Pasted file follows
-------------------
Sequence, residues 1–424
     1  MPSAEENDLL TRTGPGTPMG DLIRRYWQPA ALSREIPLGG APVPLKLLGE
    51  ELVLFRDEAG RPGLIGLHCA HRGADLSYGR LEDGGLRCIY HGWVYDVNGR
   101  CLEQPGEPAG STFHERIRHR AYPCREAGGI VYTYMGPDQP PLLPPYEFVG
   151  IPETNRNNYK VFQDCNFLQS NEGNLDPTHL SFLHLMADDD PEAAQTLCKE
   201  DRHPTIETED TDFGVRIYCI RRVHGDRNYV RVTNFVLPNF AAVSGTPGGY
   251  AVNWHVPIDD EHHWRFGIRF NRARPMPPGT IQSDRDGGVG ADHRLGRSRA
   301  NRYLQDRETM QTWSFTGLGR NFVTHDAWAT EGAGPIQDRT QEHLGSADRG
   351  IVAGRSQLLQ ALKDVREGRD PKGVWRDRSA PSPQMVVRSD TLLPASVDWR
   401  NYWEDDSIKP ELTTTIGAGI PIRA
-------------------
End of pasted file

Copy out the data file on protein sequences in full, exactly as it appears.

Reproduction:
Sequence, residues 1–424
     1  MPSAEENDLL TRTGPGTPMG DLIRRYWQPA ALSREIPLGG APVPLKLLGE
    51  ELVLFRDEAG RPGLIGLHCA HRGADLSYGR LEDGGLRCIY HGWVYDVNGR
   101  CLEQPGEPAG STFHERIRHR AYPCREAGGI VYTYMGPDQP PLLPPYEFVG
   151  IPETNRNNYK VFQDCNFLQS NEGNLDPTHL SFLHLMADDD PEAAQTLCKE
   201  DRHPTIETED TDFGVRIYCI RRVHGDRNYV RVTNFVLPNF AAVSGTPGGY
   251  AVNWHVPIDD EHHWRFGIRF NRARPMPPGT IQSDRDGGVG ADHRLGRSRA
   301  NRYLQDRETM QTWSFTGLGR NFVTHDAWAT EGAGPIQDRT QEHLGSADRG
   351  IVAGRSQLLQ ALKDVREGRD PKGVWRDRSA PSPQMVVRSD TLLPASVDWR
   401  NYWEDDSIKP ELTTTIGAGI PIRA